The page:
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Mutations Synergize in Pediatric Brain Cancer

 8 months ago       82 Views

A new Northwestern Medicine study finds that a combination of two mutations cause a form of pediatric brain tumors to become more deadly, according to findings published in Nature Communications.

An experimental drug targeting one mutation prolonged survival in models of diffuse intrinsic pontine glioma (DIPG), but questions remain about the drug’s efficacy, according to Oren Becher, MD, associate professor of Pediatrics in the Division of Hematology, Oncology and Stem Cell Transplantation, and senior author of the study. Nevertheless, both mutations are promising targets for future therapies, Becher said.

“About 25 percent of kids with DIPG have these mutations — the mutations must be important for the biology of the disease,” said Becher, who is also an associate professor of Biochemistry and Molecular Genetics and a member of the Robert H. Lurie Comprehensive Cancer Center of Northwestern University. “The first generation inhibitors need to be fine-tuned, but the results of this study show they have the potential to treat this disease in the future.”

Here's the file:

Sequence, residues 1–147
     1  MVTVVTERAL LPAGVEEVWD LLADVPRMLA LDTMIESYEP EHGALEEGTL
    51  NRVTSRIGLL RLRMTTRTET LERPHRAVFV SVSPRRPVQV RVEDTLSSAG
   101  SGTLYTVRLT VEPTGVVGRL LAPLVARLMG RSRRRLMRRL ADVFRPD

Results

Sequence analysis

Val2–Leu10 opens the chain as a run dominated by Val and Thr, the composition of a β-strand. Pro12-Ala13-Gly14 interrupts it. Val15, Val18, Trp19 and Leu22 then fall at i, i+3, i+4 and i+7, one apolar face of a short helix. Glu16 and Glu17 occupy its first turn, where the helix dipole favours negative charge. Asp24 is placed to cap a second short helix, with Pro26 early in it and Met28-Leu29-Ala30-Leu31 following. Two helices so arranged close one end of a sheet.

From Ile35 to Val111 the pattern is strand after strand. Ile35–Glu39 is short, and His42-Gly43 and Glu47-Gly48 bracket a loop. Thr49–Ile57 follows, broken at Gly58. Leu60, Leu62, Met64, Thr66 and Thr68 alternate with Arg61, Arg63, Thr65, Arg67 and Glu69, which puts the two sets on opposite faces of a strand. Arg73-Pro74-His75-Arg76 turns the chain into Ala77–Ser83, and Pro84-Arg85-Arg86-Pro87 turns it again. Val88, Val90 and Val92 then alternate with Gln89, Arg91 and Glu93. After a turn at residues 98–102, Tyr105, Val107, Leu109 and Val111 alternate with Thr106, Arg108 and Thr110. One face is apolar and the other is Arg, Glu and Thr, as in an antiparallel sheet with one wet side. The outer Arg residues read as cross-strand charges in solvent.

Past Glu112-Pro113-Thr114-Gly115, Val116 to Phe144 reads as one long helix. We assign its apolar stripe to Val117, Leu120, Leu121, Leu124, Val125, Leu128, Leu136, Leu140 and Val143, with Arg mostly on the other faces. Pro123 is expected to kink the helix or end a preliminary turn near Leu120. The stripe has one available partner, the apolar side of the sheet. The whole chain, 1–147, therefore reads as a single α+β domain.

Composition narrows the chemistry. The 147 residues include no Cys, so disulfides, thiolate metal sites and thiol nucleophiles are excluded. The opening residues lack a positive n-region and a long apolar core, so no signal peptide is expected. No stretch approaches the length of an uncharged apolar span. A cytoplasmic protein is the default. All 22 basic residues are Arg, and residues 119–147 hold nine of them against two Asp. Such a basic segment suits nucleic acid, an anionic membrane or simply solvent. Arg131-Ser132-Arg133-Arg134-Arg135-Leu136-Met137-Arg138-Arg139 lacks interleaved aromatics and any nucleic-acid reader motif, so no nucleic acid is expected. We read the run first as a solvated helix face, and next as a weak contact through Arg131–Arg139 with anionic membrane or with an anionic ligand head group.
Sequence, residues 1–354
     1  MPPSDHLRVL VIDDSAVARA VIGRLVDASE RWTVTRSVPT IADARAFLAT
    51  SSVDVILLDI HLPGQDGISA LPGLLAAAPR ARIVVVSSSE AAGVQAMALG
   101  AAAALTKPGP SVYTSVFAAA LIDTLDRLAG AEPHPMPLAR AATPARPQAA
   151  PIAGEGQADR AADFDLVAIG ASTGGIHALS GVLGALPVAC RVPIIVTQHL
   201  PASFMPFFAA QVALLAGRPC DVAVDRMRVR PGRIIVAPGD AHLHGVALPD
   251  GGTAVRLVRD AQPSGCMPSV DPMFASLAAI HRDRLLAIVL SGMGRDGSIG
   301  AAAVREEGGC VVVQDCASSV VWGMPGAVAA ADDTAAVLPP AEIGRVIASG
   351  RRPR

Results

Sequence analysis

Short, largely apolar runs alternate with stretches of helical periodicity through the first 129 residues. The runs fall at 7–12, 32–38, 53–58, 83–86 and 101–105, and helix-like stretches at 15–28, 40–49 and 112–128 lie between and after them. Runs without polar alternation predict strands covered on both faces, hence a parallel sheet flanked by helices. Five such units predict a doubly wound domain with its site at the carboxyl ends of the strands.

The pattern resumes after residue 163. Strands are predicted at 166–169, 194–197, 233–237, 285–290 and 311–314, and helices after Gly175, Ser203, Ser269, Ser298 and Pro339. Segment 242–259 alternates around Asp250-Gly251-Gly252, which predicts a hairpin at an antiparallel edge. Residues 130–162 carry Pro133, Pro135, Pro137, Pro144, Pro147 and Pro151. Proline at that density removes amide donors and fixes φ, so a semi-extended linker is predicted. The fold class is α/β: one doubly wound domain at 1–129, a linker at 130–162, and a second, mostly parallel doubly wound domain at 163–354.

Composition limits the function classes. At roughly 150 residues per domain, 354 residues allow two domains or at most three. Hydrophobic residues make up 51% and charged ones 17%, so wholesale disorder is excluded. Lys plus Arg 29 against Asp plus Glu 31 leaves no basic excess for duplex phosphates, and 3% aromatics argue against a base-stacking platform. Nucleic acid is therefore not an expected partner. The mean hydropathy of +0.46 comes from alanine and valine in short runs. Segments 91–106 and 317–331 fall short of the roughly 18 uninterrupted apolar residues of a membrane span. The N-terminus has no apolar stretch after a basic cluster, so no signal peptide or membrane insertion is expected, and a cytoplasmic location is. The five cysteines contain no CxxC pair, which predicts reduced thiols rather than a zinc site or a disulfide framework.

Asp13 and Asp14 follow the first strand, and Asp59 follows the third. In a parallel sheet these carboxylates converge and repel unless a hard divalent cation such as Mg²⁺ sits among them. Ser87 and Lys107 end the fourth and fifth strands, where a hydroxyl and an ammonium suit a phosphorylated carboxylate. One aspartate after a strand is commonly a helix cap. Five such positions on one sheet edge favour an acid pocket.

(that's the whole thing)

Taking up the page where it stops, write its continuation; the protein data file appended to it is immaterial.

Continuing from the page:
Scientists have known about ACVR1 mutations’ role in non-cancerous disease for some time — specifically, in a rare condition called fibrodysplasia ossificans progressiva (FOP). In FOP, muscle and connective tissue such as ligaments and tendons are gradually replaced by bone, causing a progressive loss of mobility for afflicted patients.

Author: @DailyCupofYoga


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